For gloves, I’d recommend the Louis Garneau Monsoon Glove. They aren’t even a little bit workable with a smartphone, or even a touch screen cycling computer, they are hard to get on and off, and they are a bit slick on your controls. What they handle really well, though, is keeping your hands warm. You’ll get back from your coldest, wettest, ride, and it’ll feel like your hands have been in a warm bath. That might sound like an odd description, and it is a bit of an odd feeling, but your hands are warm and that’s what really counts. It doesn’t matter how much it rains, or how windy it is, your hands aren’t going to be bothered.
In addition to hands, the other area that really need some extra attention when riding in heavy rain are your feet. One thing that will help are getting some fenders, especially on the front, but in terms of clothing when it’s really coming down, I switch from the Rapha socks to a pair of Showers Pass Crosspoint Waterproof Wool Socks. Just as a torture test, I tried these with no overshoes and no fenders in hard rain and stayed dry for 10 miles. That’s about as good as you’ll get. They are a bit stiff and a bit thick, but they are still pretty comfortable, and they do a good job helping you keep dry. They work well for me but would also be a really great option for cyclocross. I don’t actually wear the Crosspoint socks on their own most of the time, though. What I do is pair them up with a pair of the Mavic Cosmic Pro H20 Shoe Covers.
The Mavic Cosmic Pro H20 Shoe Covers aren’t just a special heavy rain item. They do a good job in heavy rain, but they also help with cold weather and wind. For me, there isn’t any article of clothing that keep my feet from eventually going numb, but I found that the Mavic overshoes gave me at least an additional 30 minutes of feeling in my toes. That might not sound like much, but for me, it’s actually huge.
The way that the Mavic overshoes cover the heel of the shoe does worry me in terms of how long they’ll last, but it’s an effective way of keeping rain and cold from leaking in at the rear of the shoe, and despite my worries, they’ve held up without any issue in the time I’ve used them. They also fit well at the ankle, and the zipper is a high quality piece. If you do any time trialing, you can wear them as an aero aid for racing as well.
As I said though, no piece of clothing keep my toes from going numb. In my informal polling, I’ve found that some people have that problem and other people don’t. It just seems to depend on the person, but if you fall on the side of numb toes, what I recommend is that you pick up a box of chemical warmers. The ones I’ve used are Hot Hands Toe Warmers, and they completely eliminated any numbness. I stuck them to the top of my toes on the outside, where it goes numb first, and the gentle heat, much less than you’d imagine, was just enough to keep things comfortable for a couple of hours at 40 degrees. They are cheap and don’t change the fit of my shoes. Using them means I don’t have to try to insulate my feet quite as much, and that means I get a lot more use out of my Pearl Izumi Thermal Toe Covers. I use them when it’s not raining and not quite cold enough to warrant a full overshoe.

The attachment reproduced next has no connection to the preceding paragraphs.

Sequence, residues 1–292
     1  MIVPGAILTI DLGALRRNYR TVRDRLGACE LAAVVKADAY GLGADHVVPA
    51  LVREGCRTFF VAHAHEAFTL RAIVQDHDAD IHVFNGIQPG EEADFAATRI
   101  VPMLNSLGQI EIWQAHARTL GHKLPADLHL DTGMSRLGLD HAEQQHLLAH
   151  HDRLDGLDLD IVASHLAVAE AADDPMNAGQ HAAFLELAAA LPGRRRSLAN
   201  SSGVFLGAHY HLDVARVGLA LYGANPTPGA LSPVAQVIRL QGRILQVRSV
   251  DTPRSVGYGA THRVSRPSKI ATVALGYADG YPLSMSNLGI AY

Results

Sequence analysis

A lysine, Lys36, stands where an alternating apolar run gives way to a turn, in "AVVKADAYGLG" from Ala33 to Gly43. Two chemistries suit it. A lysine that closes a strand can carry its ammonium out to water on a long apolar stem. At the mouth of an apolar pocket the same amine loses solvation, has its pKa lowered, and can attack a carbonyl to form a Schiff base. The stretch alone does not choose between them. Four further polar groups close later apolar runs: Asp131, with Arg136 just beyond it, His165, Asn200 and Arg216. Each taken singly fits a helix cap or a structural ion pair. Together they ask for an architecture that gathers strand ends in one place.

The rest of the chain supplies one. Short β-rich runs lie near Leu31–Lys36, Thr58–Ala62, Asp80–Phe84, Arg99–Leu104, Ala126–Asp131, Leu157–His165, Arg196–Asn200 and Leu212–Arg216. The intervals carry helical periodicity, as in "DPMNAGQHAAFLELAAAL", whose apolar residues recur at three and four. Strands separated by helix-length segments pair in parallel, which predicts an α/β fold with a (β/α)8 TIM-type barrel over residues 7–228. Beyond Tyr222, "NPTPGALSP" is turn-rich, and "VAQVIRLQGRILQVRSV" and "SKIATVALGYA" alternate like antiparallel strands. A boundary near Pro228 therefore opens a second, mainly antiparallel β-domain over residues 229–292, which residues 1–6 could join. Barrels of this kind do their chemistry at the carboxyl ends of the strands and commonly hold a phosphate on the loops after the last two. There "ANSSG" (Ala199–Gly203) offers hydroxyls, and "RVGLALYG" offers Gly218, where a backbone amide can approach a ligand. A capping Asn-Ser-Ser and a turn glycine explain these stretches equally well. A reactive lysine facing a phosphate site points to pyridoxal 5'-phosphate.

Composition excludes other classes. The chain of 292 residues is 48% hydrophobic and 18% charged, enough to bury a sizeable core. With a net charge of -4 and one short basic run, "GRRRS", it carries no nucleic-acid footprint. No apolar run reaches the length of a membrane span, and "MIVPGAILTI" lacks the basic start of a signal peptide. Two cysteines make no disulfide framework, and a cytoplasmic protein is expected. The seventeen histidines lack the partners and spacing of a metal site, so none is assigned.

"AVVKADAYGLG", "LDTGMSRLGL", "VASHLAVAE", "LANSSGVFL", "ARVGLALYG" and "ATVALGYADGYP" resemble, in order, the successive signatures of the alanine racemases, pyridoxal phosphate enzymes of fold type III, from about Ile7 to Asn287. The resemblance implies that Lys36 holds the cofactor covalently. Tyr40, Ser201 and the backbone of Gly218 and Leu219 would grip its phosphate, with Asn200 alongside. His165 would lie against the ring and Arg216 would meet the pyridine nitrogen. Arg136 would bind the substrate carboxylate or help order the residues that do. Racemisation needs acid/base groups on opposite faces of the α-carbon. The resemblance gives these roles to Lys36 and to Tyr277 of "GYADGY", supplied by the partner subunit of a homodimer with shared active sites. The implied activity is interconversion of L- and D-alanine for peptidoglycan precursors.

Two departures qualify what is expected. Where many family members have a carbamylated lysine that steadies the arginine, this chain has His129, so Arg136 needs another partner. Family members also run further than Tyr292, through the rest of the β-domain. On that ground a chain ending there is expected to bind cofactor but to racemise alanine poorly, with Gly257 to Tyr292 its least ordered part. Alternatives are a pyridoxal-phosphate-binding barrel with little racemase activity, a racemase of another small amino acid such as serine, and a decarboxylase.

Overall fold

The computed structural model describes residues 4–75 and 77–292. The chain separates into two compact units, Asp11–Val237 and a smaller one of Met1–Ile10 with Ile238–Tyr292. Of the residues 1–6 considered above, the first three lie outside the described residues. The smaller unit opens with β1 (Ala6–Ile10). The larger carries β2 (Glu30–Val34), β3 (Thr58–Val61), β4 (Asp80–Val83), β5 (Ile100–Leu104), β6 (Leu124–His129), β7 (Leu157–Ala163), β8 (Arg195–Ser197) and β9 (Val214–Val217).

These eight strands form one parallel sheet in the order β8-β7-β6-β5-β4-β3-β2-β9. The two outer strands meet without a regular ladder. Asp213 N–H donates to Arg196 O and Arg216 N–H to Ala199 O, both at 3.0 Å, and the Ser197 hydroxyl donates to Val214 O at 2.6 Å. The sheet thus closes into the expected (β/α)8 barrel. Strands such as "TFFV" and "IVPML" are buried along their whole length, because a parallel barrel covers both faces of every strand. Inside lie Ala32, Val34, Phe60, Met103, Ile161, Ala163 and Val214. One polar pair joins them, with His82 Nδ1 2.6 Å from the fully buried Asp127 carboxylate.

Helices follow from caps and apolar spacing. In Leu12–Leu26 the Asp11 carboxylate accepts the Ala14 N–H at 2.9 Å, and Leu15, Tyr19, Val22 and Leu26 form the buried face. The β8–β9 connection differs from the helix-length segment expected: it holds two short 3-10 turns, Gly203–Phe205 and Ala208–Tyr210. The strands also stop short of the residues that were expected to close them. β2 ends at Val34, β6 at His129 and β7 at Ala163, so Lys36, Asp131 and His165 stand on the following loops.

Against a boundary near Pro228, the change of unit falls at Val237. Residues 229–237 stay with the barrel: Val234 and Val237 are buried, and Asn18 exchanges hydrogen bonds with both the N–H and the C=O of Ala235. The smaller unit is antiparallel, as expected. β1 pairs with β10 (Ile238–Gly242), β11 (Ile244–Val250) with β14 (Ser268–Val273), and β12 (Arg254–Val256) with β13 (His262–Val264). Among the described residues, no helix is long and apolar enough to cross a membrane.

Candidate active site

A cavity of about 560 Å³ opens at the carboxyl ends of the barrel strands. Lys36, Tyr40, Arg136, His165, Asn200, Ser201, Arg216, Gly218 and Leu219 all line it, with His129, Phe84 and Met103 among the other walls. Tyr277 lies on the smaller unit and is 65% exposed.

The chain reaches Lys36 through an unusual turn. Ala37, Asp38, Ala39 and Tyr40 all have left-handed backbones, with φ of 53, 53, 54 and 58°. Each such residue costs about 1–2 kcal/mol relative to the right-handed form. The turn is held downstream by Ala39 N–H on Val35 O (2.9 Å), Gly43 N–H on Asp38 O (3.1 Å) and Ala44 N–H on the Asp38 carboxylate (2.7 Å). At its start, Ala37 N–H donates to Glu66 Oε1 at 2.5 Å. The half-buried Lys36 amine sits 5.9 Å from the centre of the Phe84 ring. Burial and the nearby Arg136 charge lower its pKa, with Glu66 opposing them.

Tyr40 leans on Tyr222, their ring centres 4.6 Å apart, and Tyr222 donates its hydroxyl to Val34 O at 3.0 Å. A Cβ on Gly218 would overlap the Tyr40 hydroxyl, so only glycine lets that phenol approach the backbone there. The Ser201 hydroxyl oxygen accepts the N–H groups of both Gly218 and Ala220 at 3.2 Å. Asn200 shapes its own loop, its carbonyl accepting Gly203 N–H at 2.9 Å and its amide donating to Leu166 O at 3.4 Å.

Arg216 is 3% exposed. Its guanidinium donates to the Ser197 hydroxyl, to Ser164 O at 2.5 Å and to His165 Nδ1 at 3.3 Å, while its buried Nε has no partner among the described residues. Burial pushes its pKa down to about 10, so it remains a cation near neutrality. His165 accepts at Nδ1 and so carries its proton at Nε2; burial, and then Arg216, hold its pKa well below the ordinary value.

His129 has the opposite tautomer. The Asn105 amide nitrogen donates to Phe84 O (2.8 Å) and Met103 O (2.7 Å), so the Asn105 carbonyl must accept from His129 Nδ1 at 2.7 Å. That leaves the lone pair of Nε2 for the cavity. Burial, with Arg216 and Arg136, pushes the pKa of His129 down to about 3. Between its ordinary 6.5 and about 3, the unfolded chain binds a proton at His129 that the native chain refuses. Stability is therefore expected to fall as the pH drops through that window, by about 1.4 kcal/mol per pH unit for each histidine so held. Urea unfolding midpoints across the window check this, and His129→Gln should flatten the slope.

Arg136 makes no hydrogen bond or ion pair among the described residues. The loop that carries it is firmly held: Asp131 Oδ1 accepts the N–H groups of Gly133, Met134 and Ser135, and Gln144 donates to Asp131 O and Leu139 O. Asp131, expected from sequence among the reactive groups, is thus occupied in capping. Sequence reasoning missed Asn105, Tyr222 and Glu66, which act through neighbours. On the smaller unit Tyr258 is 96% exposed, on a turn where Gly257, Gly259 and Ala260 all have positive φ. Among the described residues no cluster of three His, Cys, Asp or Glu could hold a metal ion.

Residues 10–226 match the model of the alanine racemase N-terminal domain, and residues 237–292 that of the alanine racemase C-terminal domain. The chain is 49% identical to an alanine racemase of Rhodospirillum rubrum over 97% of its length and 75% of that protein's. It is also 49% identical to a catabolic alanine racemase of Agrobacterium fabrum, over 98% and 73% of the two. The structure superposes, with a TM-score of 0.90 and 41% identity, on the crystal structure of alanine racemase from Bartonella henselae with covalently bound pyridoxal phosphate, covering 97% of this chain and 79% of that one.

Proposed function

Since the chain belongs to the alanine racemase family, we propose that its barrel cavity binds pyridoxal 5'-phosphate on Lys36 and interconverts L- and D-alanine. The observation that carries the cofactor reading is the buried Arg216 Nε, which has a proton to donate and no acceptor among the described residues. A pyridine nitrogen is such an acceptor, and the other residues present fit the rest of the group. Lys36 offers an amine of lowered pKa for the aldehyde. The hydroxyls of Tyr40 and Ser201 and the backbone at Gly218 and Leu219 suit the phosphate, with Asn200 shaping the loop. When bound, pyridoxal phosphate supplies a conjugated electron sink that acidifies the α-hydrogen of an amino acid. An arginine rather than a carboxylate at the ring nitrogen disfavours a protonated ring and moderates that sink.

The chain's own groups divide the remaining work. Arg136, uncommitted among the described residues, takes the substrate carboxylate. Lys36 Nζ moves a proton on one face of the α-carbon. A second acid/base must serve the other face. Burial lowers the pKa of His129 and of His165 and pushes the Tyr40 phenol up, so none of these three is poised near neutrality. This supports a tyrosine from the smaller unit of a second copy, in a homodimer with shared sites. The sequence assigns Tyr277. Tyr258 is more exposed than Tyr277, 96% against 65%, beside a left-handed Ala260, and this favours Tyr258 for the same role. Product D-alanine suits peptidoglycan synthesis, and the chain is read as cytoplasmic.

I talked about winter socks, waterproof overshoes, waterproof socks, toe warmers, tights, arm warmers, gloves, neoprene gloves, a softshell jacket, a rain gilet, a hat/neck warmer/balaclava, and chemical toe warmers with the idea being that when paired with your regular summer bibtights and jersey, you can build up a chest of items that can be mixed and matched to cover any weather you are likely to be riding in from fall to spring. It should also cover early morning rides in the summer and should last for years, even as you wear out your bibtights and jerseys.
I spent a lot of time going through the many options available and picking my favorites, but you may already have some of the items discussed or you may have another favorite. Think of this as guide that will help you start your hunt for the things that will keep you warm and comfortable when others have stopped riding. I don’t believe in an off-season, just a change of clothes.